Last week, I was in a meeting on campus with a steering committee related to community engagement. This is a group that has been meeting regularly since JMU applied for and received the Carnegie Community Engagement Classification in 2010. It was a spirited meeting, focusing primarily on the question of how do we as an institution define engagement? Like many campuses, this is an ongoing discussion. As one of the members of the steering committee noted, it seems like “Groundhog Day,” because every September we spend time trying once again to define engagement.
We had a great conversation about what engagement may mean at JMU, and left the meeting with at least some consensus that in terms of community engagement the Carnegie definition captured our efforts: “Community engagement describes collaboration between institutions of higher education and their larger communities (local, regional/state, national, global) for the mutually beneficial exchange of knowledge and resources in a context of partnership and reciprocity. The purpose of community engagement is the partnership of college and university knowledge and resources with those of the public and private sectors to enrich scholarship, research, and creative activity; enhance curriculum, teaching and learning; prepare educated, engaged citizens; strengthen democratic values and civic responsibility; address critical societal issues; and contribute to the public good.”
As fate would have it, right after having this conversation, I find myself the very next week at the Engagement Scholarship Consortium meeting. (http://engagementscholarship.org/upload/conferences/2013/TTU%20ESC%20Program.pdf)
This meeting has been very interesting and helpful, but as I talk with people I find myself with more questions than answers related to the definition of engagement. So I thought I would do what I often do, which is thinking out loud through a Forays blog post. Warning: what follows is all about looking for a definition of engagement.
Rather than leaping right into the definition, I’ve spent some of my time capturing phrases that I’ve heard either in presentations and/or casual conversations. In some ways, thinking about these phrases helps me see the various components necessary for the scholarship of engagement.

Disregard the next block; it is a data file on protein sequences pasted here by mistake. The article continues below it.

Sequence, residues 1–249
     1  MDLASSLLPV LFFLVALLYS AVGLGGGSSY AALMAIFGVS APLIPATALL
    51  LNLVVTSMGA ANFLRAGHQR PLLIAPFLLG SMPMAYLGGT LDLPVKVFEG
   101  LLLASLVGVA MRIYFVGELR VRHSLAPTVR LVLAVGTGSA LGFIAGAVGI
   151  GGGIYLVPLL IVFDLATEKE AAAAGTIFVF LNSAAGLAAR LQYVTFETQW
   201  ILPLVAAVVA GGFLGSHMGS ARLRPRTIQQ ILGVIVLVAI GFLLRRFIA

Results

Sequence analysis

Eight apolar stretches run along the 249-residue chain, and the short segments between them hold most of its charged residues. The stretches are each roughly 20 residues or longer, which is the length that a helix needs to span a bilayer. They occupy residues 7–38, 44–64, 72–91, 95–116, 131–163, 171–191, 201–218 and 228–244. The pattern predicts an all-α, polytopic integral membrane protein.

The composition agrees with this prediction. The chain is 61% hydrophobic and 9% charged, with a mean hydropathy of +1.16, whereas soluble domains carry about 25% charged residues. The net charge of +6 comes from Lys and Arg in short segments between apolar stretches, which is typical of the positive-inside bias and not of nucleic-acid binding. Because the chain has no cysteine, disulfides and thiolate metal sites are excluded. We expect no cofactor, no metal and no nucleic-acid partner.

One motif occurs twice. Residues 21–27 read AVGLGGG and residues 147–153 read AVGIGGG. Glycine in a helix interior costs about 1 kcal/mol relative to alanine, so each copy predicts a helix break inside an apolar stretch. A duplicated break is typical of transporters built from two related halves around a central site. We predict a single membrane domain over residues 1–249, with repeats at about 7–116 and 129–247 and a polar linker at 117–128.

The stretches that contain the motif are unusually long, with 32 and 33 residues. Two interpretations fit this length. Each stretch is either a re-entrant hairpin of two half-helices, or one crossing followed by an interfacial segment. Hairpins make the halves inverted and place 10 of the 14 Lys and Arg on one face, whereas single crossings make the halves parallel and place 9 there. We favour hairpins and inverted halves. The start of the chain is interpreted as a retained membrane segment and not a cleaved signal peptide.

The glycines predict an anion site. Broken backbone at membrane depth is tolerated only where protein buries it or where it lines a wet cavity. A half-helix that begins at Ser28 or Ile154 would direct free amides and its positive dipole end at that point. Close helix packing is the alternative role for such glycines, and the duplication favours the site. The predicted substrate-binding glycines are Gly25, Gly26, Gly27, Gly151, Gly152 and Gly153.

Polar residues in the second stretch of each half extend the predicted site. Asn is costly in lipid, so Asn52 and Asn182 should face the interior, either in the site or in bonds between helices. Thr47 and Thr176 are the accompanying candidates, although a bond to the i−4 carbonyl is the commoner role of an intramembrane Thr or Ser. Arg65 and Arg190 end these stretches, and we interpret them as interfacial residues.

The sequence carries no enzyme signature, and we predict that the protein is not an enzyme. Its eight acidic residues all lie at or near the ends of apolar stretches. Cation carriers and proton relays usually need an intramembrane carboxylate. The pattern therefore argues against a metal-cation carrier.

“When you think about engagement, talk about the middle not the beginning and end.”
Yes, this makes sense to me. If we begin by talking about the beginning, it’s all about aspiration, what we hope to do. If we begin talking about the end, it becomes simply a good news story. But if we talk about the middle where the real work is done, where the project is more messy, and where we are learning by trial and error – that’s where I can learn a great deal. While we do like to tell our good stories, I am more interested in stories that didn’t work out and why they didn’t, and what steps can we take to move a possible failed engagement effort to a success story.
“Measuring the impact of engagement can take years.”
One of the difficulties with engagement goes well beyond defining it. Some institutions have found ways of counting engagement activities, but the real challenge is measuring the impact of these activities. Great engagement activities are not one-time efforts, they are sustained efforts that result in measurable impact. Many institutional reports show “what have we done this last year,” and while this shows activity, it doesn’t demonstrate impact. For example, we won’t know the impact of programs that target middle school students to help prepare for going to college for several years; how do we measure that impact? As I write this, two things occur to me: first, as institutions, we need to be cognizant and supportive of the fact that impact can often be measured only over time. And second, we need to take on the challenge of identifying intermediary measurable goals.
“What about those we serve?”
When measuring impact, we must include feedback from those we serve. If community engagement is a reciprocal relationship, a mutually beneficial effort, then including the voice of our community partner is a must.
“Where is the scholarship?”
There are a number of wonderful programs and activities that universities and colleges offer to their communities. In no way do I want to lessen the importance of these events, but when we think about the scholarship of engagement, it includes mutually beneficial partnerships with the community. In addition, that has to be “communicated to and validated by peers in academe and the community.” (North Carolina State) In other words, there is an effort to determine the success of the engagement and its impact. I am not saying this is easy to do – in fact, just the opposite. It is very difficult to do. However, it is this extra step, this validation that assures that it is scholarship.
As I learn more about engagement and the scholarship of engagement at this conference, it not only solidifies my belief that this is not an important pursuit for our universities, and it is so important that we need to find a way to reward it.
Next step: how do we do this? To be continued…